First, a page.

• A child friendly playlist ready to go if the child prefers to work with background noise – the best music to have is instrumental because students aren’t listening to the words (Gary Lamb is perfect)
  • Inviting decor:  motivational posters, their favorite stuffed animal, fresh flowers, etc.

Routines to have set up:

When is the cue that it is time to start homework?  When the child walks through the door, after dinner, after chores, at a certain specific time of the day, etc.

When the cue begins, what does the child do first?  Eat a small snack in the homework location, take their folder out of their bookbag and get out the papers that need to be completed, make sure a pencil is sharpened, etc.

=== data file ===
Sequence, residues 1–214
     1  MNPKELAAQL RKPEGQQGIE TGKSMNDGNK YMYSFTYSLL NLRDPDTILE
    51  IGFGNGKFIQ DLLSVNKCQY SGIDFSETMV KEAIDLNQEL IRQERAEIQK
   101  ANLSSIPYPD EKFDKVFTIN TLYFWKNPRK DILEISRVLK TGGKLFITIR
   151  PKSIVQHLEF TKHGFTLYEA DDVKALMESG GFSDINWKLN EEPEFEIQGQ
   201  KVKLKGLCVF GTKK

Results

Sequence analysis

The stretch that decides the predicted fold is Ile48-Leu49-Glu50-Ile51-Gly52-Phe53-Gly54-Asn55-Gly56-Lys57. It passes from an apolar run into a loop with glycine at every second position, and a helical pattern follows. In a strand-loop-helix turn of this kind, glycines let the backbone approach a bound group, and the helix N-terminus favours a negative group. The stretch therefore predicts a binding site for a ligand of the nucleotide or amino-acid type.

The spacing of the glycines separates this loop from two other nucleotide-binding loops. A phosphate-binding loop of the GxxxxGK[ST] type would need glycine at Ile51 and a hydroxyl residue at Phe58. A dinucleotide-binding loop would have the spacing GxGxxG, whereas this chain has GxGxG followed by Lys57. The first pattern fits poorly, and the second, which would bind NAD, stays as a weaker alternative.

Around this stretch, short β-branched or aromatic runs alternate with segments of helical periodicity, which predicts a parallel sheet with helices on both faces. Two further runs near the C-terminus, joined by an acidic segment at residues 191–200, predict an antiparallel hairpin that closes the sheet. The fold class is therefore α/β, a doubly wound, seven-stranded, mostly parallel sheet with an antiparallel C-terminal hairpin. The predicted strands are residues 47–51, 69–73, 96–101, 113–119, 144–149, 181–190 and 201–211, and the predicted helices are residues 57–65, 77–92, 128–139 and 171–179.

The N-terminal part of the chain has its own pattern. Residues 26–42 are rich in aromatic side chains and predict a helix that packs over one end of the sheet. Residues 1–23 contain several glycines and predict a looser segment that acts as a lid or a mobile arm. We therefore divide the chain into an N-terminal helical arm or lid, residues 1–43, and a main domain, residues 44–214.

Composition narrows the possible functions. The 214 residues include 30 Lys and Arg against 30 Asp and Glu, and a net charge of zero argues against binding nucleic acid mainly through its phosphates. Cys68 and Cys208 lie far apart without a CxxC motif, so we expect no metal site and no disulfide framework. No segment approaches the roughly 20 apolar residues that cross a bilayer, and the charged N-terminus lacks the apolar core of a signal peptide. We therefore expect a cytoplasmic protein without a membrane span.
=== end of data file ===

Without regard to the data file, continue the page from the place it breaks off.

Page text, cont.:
How will the child know when the homework session is complete?  Break down the papers into mini sessions, a visual timer that is set on a clock or microwave, when the worked has been looked over by a parent, work is complete/accurate/neat, etc.

The routine should be set up as a parent/child team together.  Give the student some say in this daily task and there will be less pullback.  Once the routine has been set and agreed upon, it is to be repeated exactly the same way day after day.  In the long run, it will become second nature for the student.

Find what works best for your child.  Any routine should be flexible to meet those needs otherwise you aren’t any better off than before.

One last tip:  Set goals and rewards for completing the routine.  At first, the the rewards will be given for completing the routine (or even one step of the routine) just once (today).  As time progresses, rewards will be given in wider intervals.  Eventually, rewards won’t need to be given as the behavior will be a new habit.